Walk the Wild with the John Muir Trust: Schiehallion
This iconic Munro is in much better shape than it was a few years ago thanks to the hard work of the John Muir Trust, and there’s more to come…
This is a sponsored article from our friends at the John Muir Trust.
Owned and managed by the John Muir Trust, East Schiehallion is an area of 871 hectares, including the eastern part of Schiehallion itself and the quieter and wilder Gleann Mor to the south.
An iconic and distinctive mountain with magnificent views, Schiehallion is a popular destination for walkers. When the Trust took ownership in 1999 the main path to the summit had become an ugly scar on the hillside, in sections up to 90 feet wide. Over a five-year period, the Trust realigned the path onto a more sustainable and less intrusive line, building a new path using locally sourced materials. The charity has since embarked on a programme to heal the damage caused by the old path.
East Schiehallion lies within the Loch Rannoch and Glen Lyon National Scenic Area, and is designated a Site of Special Scientific Interest (SSSI) for its geology and montane habitats. The Trust works to improve its important habitats, which are rich in wildflowers – including purple saxifrage, wood anemone and rockrose – and home to hares, black grouse and the rare mountain ringlet butterfly, among other wildlife.
By controlling deer and sheep numbers, the John Muir Trust is also helping to restore native woodland in East Schiehallion. In July 2017 it was one of seven organisations that together launched the Heart of Scotland Forest Partnership, a collaborative project to link six areas of land in order to create a linked woodland corridor across 3,000 hectares between Schiehallion and Loch Tummel, benefiting wildlife, visitors and the local community.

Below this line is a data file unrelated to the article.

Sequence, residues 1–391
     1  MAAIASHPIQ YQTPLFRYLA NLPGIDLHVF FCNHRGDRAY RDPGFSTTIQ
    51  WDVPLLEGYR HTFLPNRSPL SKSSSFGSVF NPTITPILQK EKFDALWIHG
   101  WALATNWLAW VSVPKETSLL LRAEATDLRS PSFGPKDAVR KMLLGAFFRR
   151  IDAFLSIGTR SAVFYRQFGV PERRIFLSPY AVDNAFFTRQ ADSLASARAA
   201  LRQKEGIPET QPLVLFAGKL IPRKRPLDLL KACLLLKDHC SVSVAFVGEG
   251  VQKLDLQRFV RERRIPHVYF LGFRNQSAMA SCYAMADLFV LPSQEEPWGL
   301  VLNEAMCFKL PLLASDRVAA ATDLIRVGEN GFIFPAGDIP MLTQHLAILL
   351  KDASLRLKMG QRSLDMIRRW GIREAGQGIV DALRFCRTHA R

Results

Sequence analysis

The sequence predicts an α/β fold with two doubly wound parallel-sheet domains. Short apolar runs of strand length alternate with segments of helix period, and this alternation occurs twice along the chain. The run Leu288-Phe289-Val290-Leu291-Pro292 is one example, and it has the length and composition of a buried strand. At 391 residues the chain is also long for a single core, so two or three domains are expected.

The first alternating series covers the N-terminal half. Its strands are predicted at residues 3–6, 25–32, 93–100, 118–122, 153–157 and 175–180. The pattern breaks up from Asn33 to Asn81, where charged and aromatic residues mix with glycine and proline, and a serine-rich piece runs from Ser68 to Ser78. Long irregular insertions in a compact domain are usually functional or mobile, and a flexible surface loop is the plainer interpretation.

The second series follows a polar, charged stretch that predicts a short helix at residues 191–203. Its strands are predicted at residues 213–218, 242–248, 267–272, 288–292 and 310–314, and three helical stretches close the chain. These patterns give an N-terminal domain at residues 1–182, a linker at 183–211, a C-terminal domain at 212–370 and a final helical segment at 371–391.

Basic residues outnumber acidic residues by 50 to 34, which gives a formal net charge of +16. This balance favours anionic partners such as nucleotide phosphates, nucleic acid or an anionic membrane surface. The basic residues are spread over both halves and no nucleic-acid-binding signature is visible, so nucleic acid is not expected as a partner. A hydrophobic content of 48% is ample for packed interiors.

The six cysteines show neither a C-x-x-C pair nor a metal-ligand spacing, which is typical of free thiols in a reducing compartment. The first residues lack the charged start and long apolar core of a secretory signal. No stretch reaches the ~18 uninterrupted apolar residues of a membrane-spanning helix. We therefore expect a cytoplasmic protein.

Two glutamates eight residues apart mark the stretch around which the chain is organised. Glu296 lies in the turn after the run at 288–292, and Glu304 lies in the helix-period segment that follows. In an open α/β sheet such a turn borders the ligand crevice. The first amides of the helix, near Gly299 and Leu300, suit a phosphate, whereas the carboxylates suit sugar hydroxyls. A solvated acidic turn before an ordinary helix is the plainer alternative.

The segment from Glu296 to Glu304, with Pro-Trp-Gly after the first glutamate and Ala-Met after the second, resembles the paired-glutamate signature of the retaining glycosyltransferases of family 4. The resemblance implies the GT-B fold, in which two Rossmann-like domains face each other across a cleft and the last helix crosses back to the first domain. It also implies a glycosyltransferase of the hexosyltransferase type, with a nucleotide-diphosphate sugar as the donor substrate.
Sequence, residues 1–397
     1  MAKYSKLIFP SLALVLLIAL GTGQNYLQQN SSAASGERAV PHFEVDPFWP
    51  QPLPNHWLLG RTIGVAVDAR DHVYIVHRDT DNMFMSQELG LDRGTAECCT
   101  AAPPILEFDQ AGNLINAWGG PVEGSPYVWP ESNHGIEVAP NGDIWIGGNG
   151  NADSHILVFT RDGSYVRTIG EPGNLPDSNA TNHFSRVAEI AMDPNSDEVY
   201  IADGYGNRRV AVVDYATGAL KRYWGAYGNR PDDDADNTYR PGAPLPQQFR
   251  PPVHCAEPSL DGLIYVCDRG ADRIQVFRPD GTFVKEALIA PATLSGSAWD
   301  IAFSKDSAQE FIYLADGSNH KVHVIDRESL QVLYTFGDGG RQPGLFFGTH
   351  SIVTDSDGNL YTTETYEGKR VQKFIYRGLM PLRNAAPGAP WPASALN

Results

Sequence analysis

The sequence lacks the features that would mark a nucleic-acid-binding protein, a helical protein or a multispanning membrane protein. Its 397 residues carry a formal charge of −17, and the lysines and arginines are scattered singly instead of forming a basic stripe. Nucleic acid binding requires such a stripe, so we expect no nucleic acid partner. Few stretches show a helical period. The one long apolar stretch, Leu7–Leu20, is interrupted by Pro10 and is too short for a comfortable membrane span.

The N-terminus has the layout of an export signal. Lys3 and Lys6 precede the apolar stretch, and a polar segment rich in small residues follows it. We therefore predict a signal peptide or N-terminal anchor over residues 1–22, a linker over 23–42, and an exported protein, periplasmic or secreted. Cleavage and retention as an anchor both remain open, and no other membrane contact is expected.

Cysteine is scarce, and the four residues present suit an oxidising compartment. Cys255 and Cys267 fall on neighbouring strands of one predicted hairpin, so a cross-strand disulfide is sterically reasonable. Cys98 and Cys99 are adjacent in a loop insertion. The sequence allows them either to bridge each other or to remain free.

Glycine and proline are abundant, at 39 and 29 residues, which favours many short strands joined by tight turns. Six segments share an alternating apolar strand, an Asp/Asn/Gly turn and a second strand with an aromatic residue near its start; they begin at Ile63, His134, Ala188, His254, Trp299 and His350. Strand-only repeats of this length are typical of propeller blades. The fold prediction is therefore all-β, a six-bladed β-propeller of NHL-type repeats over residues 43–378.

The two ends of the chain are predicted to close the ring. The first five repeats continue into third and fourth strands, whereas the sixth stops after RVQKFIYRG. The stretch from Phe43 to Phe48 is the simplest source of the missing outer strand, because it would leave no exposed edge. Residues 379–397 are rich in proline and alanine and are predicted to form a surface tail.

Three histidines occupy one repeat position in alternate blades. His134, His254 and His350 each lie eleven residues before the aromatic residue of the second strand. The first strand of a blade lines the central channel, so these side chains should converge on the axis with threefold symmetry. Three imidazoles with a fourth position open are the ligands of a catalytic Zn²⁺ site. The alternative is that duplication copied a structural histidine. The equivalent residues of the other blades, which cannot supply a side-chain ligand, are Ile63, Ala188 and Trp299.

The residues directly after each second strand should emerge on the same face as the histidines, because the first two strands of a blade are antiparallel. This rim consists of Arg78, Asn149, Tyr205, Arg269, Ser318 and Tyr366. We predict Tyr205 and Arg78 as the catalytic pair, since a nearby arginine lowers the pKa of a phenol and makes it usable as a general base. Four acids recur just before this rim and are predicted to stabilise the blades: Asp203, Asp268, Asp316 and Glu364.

The shared vision for the Heart of Scotland Forest Partnership is a restored, vibrant landscape that provides opportunities for wildlife to thrive, for local employment, and for people to enjoy, access and learn. Come to East Schiehallion and see it in practice.
How you can help
Becoming a member of the John Muir Trust is a great way to help take care of the wild places you love now and in the future. TGO readers can get a 25% discount when joining online by using the promotional code: TGOWILD. Find out more and sign up to help the UK’s leading conservation charity dedicated to the experience, protection & repair of wild places at www.johnmuirtrust.org/join.
The summit of Schiehallion offers fabulous views across Loch Rannoch, the wilds of Rannoch Moor and the hills of the central Highlands as far as Glen Coe.
About the walk
- Starting / finishing point:
- Distance: 6.5 miles / 10.5km
- Ascent: 736m / 2414ft
- Route notes: Thanks to the work of the John Muir Trust, the path up the mountain from the Braes of Foss car park is a well-graded and maintained, and is a relatively straightforward walk, making Schiehallion one of the easiest Munros to walk. With more than 20,000 people climbing this path to the summit annually, ongoing maintenance is necessary to prevent erosion. Thanks to the generosity of its members and supporters, the John Muir Trust recently raised £60,000 to repair paths on Schiehallion this summer and to help minimise future erosion.
- Starting from the Braes of Foss car park (toilets) head south along the clear path until it begins to steepen.
- Continue west along the obvious ridgeline, following the maintained path to the summit.
- After enjoying the fabulous views from the top, retrace your steps and return the way you came.
All images © Cat Burton courtesy of the JMT